Super Habit #44: Listen Up!

We’ve been studying the super habits of successful people. I’ve said before that none of the habits on the list are really better than any other, but if you don’t listen, you won’t get too far. Listening is essential for success.

If you’re like me, you’re an average listener. That’s not bad, but we could still learn to improve our listening skills. So here are some ideas for becoming a better listener.

7 Ways to Become a Better Listener

  1. Have an open mind: One reason we don’t listen is that we assume we already know what is going to be said. This is called scriptwriting. However, you can’t assume you know what is going to be said based on the fist few words. Also, know that as listeners we pay attention to what we find interesting or important. That is called selective listening. Try to listen fully with an open mind.
  2. Maintain eye contact: Always face the speaker and maintain eye contact. It shows respect, and you’re more likely to pay closer attention to his or her words and expressions.
  3. Don’t interrupt or offer solutions: There will be a time to offer your ideas. Just don’t interrupt. Wait until the speaker offers you the opportunity to respond. You don’t need to fix everything. Sometimes you just need to listen.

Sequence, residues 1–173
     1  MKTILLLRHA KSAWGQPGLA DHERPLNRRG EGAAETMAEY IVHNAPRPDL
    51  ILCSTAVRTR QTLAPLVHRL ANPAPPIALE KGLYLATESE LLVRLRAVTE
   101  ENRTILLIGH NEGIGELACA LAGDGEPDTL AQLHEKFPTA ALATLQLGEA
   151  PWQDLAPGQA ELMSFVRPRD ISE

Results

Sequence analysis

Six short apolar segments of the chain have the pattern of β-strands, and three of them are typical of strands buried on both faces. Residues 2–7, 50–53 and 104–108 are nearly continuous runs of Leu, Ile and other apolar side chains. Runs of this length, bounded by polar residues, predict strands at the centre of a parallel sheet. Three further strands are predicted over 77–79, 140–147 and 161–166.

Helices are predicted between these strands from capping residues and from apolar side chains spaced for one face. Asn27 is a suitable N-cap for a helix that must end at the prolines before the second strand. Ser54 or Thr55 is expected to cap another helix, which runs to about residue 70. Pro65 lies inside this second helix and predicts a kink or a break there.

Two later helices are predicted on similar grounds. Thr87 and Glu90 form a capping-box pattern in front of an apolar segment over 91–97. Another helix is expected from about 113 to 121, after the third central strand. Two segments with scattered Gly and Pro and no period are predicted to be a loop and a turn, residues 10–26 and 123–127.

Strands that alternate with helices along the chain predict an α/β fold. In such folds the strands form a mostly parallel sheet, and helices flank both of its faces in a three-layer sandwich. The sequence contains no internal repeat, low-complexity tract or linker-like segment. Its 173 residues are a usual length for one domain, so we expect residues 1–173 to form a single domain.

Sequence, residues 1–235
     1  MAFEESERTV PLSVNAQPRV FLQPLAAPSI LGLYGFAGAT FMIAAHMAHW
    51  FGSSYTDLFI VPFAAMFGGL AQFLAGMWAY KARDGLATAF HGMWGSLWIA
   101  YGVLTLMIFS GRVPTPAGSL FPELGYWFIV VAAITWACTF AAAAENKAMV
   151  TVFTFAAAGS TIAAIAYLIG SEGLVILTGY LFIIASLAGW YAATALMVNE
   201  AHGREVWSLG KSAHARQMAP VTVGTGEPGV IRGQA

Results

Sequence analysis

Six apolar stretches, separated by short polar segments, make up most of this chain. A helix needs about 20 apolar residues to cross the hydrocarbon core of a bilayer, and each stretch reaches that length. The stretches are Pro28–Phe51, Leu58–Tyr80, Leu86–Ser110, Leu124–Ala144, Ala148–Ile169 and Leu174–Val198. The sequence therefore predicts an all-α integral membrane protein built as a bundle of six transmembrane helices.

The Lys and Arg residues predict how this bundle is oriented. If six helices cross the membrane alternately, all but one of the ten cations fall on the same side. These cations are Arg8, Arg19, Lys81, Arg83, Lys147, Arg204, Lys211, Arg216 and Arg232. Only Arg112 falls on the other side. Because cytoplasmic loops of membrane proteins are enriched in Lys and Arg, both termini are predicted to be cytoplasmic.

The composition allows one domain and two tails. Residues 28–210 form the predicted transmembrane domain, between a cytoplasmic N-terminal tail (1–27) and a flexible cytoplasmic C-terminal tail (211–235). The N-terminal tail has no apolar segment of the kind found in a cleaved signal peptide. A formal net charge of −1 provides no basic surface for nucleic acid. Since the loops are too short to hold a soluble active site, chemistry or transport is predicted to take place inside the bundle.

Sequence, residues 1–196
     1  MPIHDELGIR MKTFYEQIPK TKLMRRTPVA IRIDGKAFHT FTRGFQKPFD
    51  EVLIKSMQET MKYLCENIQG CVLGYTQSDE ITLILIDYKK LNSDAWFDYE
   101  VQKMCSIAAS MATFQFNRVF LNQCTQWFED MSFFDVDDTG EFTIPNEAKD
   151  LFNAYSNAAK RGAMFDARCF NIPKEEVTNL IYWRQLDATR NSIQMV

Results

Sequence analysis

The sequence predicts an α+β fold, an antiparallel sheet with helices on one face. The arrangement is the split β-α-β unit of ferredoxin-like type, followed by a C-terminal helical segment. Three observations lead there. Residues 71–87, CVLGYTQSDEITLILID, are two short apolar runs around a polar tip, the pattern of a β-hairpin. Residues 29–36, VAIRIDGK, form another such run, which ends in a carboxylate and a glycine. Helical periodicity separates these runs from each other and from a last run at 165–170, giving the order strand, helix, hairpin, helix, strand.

4. Wait for the speaker to pause to ask questions: We use verbal fillers like um and ah to help monitor conversation. Wait until you’re sure the speaker has paused to give you a chance to speak or ask questions.
  5. Have some empathy: Pay attention to the speaker’s feelings. Understanding how someone feels can help you put the content of the message into context. Your response should differ based on the emotions of the speaker. You might need to offer support to an upset colleague. On the other hand, you may need to apologize to an upset boss.
  6. Give regular feedback: Your feedback is important. It shows the other person that you are interested, that you care. An occasional nod or uh-huh shows the speaker that you’re paying attention. Provide the speaker with non-verbal and verbal feedback when appropriate.
  7. Consider nonverbal cues: We can learn a lot about someone by watching their nonverbal cues. Have you ever watched TV with the sound off? Try it. More than likely you’ll gain some insight into the speakers and their messages simply based on their non-verbal behavior.

More on Listening with Julian Treasure

In our louder and louder world, says sound expert Julian Treasure, “We are losing our listening.” In this short, fascinating talk, Treasure shares five ways to re-tune your ears for conscious listening — to other people and the world around you.

Finally, awhile ago I asked author, Jeff Goins, what habit most led to his success? His answer: listening. You can learn more about Jeff’s take on listing in my article, This Habit Helped Jeff Goins Make an Income at Writing.

If you’d like to learn more simple habits for success, sign up for my newsletter today. You’ll get my free eBook, The Happiness of Simple.